Trading Sparky Lyle to New York for Danny Cater cost the Red Sox in both 1972 and in years to come.

Cater’s poor hitting aside, Boston still rang up runs with the most prolific offense in the American League. Carlton Fisk came on the scene in ’72 and with a .370 on-base percentage and .538 slugging percentage won Rookie of the Year honors at catcher. Harper had a .341 OBP and until the arrival of Jacoby Ellsbury nearly four decades later, would become the standard for the Red Sox when it comes to stealing bases (admittedly not the highest standard in the world). Reggie Smith had a good year as the designated hitter, and it all helped to overcome a power outage from Carl Yastrzemski, who only went deep twelve times, though Yaz did have a solid .357 OBP.

And the young talent on Boston was something to behold. Dwight Evans made his debut in September and would be in the starting lineup for the critical final series against the Tigers. 23-year-old Ben Oglivie was an up-and-comer in the outfield, as was 22-year-old Cecil Cooper at first base.

Boston was 84-68 coming into the Monday opener, while Detroit sat on 84-69. The Tigers would throw veteran lefty Mickey Lolich, the hero of the 1968 World Series, when he won three games and Detroit upset St. Louis. Lolich was still just 31 and had top-quality stuff. He’d won 22 games and piled up 327 innings of work for the year. He got the last nine of those in this game, going the distance in a 4-1 win over pedestrian Sox starter John Curtis.

The series opener should be remembered for Lolich’s game, 37-year-old Al Kaline starting the scoring off with a solo home run, another solo shot by 24-year-old third baseman Aurelio Rodriguez and Rodriguez subsequently delivering consecutive two-out RBI singles. Unfortunately the mythology surrounding a play in the third inning has to instead by debunked.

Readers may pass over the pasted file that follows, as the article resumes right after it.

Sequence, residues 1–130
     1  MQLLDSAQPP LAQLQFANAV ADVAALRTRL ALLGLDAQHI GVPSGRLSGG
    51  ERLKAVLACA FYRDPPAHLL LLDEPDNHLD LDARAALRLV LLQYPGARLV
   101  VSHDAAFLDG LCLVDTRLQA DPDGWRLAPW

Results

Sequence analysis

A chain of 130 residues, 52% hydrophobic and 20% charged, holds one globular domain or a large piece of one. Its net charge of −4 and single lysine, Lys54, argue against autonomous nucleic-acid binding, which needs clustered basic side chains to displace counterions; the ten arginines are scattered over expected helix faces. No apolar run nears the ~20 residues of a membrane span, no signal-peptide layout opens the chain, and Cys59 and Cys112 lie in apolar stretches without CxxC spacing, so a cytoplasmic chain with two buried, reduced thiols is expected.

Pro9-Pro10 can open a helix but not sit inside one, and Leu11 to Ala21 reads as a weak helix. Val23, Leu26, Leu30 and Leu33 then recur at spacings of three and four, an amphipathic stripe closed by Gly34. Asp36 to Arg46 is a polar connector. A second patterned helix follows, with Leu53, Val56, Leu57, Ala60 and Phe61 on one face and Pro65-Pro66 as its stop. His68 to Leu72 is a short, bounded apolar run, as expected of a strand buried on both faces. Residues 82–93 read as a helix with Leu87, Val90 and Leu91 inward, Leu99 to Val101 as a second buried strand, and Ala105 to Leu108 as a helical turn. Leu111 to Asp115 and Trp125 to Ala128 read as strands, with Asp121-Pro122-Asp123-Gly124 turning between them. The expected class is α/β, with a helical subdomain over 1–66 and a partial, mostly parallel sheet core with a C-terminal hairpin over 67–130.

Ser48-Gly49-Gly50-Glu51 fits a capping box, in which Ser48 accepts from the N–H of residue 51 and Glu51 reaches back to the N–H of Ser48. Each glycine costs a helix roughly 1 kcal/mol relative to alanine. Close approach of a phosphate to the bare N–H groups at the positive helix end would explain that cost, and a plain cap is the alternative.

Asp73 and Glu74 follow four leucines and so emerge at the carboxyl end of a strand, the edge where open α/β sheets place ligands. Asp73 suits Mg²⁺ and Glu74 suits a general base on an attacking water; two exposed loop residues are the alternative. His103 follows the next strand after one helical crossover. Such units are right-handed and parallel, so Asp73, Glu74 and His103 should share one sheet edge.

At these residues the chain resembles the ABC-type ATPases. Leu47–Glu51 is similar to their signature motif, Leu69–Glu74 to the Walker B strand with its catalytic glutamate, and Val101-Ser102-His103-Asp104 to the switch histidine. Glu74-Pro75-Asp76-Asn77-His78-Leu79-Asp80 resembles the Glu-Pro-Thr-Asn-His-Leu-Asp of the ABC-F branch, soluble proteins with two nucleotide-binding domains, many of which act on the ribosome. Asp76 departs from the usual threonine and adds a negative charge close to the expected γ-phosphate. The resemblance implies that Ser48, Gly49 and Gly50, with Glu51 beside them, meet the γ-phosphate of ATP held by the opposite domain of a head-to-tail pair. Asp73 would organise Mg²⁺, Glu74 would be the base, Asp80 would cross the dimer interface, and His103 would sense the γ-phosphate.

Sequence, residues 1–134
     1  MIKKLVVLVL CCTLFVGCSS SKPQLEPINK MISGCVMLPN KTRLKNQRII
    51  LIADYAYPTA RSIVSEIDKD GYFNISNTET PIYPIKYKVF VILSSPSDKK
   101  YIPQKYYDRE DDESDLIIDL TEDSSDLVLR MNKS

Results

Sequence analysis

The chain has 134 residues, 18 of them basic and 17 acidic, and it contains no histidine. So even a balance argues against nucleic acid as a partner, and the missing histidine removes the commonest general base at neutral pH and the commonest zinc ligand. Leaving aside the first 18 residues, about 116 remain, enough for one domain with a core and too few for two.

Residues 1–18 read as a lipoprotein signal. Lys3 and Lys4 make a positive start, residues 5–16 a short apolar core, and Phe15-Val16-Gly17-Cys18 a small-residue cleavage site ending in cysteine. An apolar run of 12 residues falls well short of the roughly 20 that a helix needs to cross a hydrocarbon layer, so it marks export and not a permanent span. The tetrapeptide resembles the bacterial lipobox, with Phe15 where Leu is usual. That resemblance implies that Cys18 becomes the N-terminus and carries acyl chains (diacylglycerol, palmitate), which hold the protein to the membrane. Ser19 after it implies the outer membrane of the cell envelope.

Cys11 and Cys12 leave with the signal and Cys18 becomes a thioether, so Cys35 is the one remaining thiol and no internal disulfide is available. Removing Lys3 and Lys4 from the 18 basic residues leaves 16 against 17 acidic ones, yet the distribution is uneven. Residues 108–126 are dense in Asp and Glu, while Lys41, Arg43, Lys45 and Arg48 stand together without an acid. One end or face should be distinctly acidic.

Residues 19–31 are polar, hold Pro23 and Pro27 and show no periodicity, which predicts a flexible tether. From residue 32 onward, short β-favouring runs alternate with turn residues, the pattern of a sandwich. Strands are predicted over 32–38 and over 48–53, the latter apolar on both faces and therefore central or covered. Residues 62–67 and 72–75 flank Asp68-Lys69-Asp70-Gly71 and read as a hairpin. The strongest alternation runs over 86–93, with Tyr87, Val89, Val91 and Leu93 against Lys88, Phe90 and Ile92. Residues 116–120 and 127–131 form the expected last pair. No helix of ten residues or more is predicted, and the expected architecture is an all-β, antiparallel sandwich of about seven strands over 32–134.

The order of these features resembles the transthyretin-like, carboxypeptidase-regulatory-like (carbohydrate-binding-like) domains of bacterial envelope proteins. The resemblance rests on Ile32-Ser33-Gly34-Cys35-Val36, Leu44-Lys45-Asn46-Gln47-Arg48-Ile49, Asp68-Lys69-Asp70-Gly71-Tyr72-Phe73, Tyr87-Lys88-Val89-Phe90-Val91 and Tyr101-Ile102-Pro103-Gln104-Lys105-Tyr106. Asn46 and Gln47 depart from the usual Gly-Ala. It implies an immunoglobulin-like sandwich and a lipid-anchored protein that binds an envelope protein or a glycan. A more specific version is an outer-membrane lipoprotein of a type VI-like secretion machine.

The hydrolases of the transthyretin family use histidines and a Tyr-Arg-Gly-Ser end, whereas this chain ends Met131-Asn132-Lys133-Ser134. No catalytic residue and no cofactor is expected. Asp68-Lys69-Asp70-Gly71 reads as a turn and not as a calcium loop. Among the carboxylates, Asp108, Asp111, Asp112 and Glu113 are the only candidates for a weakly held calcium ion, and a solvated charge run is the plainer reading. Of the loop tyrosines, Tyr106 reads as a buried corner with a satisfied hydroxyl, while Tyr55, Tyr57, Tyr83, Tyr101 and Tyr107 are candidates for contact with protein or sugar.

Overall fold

With Kaline’s home run staking Detroit to a 1-zip lead, Harper and veteran shortstop Luis Aparacio hit consecutive singles. Yaz then doubled, bringing in Harper to tie the game. Aparacio rounded third and on the wet turf, slipped and fell. He came back to third only to see Yaz barreling down on him. With nowhere to go, Yaz was thrown out in a rundown and Aparacio stayed at third, and was stranded there when Reggie Smith struck out.

The myth of Luis Aparacio’s baserunning in a key 1972 game is just that–a myth that requires debunking.

There are two myths that have to be addressed—the first is that mess was not Aparacio’s fault. Not only was he obviously not to blame for wet grass and it being slippery, but firsthand accounts say Yastrzemski wasn’t looking at his base coach, which is the real reason he was thrown out on the bases. Finally, given that the Tigers scored three more runs and the Red Sox never mounted another threat against Lolich, it requires a huge leap of faith to say the play cost Boston the game. There was already one out when it happened. Smith struck out. Up next would have been Rico Petrocelli, an average offensive player at best (.339 OBP/.363 slugging). So enough of the “when Aparacio fell rounding third” stories in the tales of Red Sox lore. Lolich dominated the game and would have won in any event.